Surely the answers will tell us something not just about the past, but also about the vexed state of religion, racism, violence, and populist politics in our own contentious historical moment.
 Joseph Brown, Biographical Sketch No. 1, ca. 1860, 9, Joseph Brown Papers, 1772–1965, Tennessee Historical Society, Nashville.
 Douglas L. Winiarski, “Seized by the Jerks: Shakers, Spirit Possession, and the Great Revival,” William and Mary Quarterly 76 (Jan. 2019), 111–50; Nathan O. Hatch, The Democratization of American Christianity (New Haven, CT, 1989).
 Richard M’Nemar, The Kentucky Revival, or, a Short History of the Late Extraordinary Out-Pouring of the Spirit of God, in the Western States of America. . . . (Cincinnati, OH, 1807), 61. For a curated digital archive of nineteenth-century accounts of the jerking exercise, along with an interactive map and teaching guide, visit History of the Jerks: Bodily Exercises and the Great Revival (1803–1967), ed. Douglas L. Winiarski (available online at https://blog.richmond.edu/jerkshistory/2018/11/21/brown1803-01/).
 Brown, Biographical Sketch, 9.
 On evangelical radicalism, see G. A. Rawlyk, The Canada Fire: Radical Evangelicalism in British North America, 1775–1812 (Kingston, ON, 1994), esp. 124–40; and Douglas L. Winiarski, Darkness Falls on the Land of Light: Experiencing Religious Awakenings in Eighteenth-Century New England (Chapel Hill, NC, 2017), 16–17. For connections with early Pentecostalism, see Deborah Vansau McCauley, Appalachian Mountain Religion: A History (Urbana, IL, 1995), 259–75.
 Richard Beard, Brief Biographical Sketches of Some of the Early Ministers of the Cumberland Presbyterian Church, 2d ser. (Nashville, TN, 1874), 236–37; [title?] Republican Banner (Nashville, TN), Feb. 6. 1868. C. Somers Miller surveys of Brown’s life and legacies in “The Joseph Brown Story: Pioneer and Indian in Tennessee History,” Tennessee Historical Quarterly 32 (1973), 22–41; for a more recent analysis of his captivity, see Christina Snyder, Slavery in Indian Country: The Changing Face of Captivity in Early America (Cambridge, MA, 2010), 152–56.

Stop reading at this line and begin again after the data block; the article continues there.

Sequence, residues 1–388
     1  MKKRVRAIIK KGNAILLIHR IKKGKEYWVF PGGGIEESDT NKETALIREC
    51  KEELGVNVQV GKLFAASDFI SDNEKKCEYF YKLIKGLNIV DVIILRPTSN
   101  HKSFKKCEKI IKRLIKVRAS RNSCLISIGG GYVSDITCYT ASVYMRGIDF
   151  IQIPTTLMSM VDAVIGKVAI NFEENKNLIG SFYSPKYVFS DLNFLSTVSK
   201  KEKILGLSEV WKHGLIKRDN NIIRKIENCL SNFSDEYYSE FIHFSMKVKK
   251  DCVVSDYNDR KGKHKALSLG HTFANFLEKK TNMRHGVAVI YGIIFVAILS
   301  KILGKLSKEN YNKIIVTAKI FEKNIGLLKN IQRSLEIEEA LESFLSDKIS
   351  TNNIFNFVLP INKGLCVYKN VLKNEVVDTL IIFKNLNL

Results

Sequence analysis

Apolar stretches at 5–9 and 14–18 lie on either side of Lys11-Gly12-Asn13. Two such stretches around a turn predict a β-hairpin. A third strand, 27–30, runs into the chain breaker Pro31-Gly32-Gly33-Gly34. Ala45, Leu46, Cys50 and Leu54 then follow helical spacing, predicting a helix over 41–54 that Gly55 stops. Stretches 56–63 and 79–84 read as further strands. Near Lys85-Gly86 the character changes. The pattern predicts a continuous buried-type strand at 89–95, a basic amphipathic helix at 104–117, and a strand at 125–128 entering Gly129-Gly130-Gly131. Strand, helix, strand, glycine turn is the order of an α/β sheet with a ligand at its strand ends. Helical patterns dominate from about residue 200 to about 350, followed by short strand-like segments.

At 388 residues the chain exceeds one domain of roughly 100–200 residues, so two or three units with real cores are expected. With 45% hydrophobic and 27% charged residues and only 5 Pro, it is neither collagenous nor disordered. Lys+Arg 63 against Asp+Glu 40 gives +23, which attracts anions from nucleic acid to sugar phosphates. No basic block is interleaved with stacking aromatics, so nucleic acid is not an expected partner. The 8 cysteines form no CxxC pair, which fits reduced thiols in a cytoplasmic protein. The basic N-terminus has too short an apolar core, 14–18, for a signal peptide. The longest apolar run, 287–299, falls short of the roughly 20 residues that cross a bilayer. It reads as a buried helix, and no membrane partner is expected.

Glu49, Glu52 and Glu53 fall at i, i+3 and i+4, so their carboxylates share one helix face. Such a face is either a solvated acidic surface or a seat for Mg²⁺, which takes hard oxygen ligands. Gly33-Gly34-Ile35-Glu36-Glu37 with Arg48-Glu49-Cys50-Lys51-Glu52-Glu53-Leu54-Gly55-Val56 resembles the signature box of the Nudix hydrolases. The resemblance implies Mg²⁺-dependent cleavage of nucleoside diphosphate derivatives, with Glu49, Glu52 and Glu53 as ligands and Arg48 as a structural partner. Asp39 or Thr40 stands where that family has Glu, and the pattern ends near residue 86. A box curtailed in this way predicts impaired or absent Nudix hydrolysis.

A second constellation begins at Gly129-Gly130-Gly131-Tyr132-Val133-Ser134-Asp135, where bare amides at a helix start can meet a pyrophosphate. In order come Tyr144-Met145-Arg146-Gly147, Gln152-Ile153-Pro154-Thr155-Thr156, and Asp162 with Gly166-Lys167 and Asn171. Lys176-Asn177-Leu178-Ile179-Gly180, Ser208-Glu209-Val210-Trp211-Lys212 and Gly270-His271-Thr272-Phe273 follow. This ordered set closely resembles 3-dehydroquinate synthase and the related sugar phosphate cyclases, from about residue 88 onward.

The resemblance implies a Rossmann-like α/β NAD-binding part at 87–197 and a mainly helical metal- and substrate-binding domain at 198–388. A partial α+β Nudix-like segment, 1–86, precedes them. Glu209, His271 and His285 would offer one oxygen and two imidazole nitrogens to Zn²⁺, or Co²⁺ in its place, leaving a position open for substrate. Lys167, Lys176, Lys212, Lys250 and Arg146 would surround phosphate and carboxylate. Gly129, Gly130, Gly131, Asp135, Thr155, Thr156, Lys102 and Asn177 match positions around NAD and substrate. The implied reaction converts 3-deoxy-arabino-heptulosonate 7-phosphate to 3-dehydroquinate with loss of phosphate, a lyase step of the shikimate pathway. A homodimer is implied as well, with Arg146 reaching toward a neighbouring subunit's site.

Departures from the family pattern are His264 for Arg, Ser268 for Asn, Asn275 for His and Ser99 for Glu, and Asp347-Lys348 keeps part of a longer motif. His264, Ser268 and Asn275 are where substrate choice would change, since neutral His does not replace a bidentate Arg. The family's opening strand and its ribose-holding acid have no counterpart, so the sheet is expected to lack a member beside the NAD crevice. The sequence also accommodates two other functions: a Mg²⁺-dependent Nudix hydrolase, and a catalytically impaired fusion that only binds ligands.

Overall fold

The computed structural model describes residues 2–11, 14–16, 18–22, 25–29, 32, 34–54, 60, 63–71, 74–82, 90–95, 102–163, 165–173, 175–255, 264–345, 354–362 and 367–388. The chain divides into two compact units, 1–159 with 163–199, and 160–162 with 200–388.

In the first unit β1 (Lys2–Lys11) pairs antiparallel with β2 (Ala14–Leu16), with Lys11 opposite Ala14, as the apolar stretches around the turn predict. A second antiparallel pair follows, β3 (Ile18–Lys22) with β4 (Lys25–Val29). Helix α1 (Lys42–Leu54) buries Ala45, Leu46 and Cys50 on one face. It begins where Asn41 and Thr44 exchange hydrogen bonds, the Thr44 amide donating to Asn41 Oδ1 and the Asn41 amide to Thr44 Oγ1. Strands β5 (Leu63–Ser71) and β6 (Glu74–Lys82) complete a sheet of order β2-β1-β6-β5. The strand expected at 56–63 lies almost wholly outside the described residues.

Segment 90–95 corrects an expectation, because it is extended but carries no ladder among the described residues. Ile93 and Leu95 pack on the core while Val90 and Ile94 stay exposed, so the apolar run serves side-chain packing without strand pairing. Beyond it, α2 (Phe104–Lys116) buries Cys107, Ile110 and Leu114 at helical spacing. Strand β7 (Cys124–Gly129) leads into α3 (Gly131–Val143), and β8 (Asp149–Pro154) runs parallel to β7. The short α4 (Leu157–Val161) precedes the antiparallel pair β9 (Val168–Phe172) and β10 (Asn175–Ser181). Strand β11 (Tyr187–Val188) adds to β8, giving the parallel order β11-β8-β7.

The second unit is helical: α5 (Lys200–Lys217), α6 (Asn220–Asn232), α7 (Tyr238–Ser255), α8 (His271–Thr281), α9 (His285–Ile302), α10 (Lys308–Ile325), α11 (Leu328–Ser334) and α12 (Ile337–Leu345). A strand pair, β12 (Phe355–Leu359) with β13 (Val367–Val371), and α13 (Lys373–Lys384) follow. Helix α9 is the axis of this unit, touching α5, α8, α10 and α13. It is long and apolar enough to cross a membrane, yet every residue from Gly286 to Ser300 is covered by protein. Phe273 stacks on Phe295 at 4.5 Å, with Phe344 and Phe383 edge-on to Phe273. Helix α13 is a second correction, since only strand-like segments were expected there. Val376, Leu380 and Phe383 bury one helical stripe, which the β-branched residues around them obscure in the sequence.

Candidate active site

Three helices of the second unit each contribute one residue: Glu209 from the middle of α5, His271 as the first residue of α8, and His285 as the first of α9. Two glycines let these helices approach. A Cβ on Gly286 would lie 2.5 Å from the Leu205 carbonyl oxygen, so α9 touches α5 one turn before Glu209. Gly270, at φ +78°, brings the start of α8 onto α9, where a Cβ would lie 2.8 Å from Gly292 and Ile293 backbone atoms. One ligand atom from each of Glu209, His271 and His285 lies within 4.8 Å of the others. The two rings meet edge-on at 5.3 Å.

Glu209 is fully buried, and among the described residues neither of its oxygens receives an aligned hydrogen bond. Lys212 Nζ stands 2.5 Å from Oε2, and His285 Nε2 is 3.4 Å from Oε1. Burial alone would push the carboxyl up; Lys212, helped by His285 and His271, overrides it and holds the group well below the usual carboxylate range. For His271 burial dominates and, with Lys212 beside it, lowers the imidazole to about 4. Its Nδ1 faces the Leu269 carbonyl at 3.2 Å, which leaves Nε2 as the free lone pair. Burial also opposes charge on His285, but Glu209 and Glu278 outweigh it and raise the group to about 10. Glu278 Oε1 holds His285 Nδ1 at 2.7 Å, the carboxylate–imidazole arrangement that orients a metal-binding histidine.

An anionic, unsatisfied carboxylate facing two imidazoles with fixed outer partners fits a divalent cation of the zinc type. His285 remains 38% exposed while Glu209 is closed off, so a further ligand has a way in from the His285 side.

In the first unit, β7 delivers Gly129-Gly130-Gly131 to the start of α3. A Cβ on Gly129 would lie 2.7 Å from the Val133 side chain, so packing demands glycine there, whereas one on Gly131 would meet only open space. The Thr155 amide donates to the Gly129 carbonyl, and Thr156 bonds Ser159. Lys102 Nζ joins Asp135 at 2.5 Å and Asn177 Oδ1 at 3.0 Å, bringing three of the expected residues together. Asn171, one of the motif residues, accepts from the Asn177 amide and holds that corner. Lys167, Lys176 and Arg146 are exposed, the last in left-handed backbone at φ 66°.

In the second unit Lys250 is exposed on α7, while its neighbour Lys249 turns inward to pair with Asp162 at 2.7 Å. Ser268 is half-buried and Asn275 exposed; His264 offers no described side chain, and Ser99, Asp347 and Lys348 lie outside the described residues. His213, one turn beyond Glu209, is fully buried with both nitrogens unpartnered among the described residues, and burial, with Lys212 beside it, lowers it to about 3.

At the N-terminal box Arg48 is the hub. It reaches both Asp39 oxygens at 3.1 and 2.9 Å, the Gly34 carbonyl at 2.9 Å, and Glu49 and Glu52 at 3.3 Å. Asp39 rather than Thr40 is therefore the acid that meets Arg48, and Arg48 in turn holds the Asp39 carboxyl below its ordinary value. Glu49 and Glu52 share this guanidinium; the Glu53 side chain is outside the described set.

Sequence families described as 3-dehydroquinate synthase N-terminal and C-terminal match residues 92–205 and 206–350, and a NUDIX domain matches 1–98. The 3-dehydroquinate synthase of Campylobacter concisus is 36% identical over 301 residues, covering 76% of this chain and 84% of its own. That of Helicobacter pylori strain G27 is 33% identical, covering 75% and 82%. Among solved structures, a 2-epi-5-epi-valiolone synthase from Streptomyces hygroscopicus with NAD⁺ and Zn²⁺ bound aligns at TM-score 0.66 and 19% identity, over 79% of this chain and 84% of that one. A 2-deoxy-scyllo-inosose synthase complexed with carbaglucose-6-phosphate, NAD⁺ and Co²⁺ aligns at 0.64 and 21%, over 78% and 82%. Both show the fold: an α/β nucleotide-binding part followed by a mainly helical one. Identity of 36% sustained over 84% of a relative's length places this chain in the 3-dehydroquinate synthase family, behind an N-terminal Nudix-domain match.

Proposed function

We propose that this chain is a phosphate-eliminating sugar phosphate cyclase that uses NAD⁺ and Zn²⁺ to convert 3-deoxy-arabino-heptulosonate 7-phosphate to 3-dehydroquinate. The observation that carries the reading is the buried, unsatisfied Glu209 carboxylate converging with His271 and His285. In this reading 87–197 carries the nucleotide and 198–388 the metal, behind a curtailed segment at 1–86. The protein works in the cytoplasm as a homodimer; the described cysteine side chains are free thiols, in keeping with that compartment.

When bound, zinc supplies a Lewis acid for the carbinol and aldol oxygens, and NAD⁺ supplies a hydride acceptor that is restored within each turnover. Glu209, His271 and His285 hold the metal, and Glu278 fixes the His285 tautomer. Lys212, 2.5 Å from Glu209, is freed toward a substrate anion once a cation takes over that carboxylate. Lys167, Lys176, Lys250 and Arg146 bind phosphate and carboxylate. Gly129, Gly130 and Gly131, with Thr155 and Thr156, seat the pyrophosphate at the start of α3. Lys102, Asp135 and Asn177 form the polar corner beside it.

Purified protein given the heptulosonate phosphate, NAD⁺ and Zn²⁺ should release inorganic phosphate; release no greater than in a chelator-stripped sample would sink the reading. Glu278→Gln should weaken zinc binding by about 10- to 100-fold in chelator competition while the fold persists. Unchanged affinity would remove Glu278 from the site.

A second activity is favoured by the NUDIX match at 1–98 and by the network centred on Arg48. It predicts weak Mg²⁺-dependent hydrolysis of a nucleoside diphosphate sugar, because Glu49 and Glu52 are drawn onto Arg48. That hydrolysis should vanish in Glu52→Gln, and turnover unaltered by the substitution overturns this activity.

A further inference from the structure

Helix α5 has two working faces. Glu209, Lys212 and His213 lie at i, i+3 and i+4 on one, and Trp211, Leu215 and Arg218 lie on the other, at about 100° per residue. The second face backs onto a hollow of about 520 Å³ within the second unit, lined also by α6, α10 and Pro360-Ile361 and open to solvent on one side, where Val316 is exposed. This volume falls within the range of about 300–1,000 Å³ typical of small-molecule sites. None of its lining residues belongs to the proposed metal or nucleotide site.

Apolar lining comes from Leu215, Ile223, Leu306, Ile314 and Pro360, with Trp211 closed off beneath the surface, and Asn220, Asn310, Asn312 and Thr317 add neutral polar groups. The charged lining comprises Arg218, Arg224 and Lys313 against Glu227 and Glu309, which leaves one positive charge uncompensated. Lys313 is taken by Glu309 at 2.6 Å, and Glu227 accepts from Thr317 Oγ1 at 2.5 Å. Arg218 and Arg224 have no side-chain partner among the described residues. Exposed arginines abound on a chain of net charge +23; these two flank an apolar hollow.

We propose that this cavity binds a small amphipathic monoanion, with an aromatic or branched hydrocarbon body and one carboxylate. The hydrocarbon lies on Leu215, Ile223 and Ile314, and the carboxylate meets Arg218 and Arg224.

Amanda Porterfield, Conceived in Doubt: Religion and Politics in the New American Nation (Chicago, 2012); Robert Elder, The Sacred Mirror: Evangelicalism, Honor, and Identity in the Deep South, 1790–1860 (Chapel Hill, NC, 2016); Jeffrey Williams, Religion and Violence in Early American Methodism: Taking the Kingdom by Force (Bloomington, IN, 2010); Charles F. Irons, The Origins of Proslavery Christianity: White and Black Evangelicals in Colonial and Antebellum Virginia (Chapel Hill, NC, 2008).
 For three excellent recent contributions, see Emily Conroy-Krutz, Christian Imperialism: Converting the World in the Early American Republic (Ithaca, NY, 2015); Jennifer Graber, The Gods of Indian Country: Religion and the Struggle for the American West (New York, 2018); and David Walker, Railroading Religion: Mormons, Tourists, and the Corporate Spirit of the West (Chapel Hill, NC, 2019).
 “The Early History of the South-West,” South-Western Monthly 1 (1852), 78. I borrow the potent phrase “lived religion of empire” from Jennifer Graber, “The Imperial Angle: Martin Marty Narrates U.S. Religious History,” Martin Mary’s Righteous Empire (1970) Revised: Theorizing the Study of Religion and U.S. Empire, American Academy of Religion Roundtable, San Diego, CA, Nov. 22, 2014 (available online at https://raac.iupui.edu/wp-content/uploads/2018/09/RAAC_Significant-Sessions-2.pdf).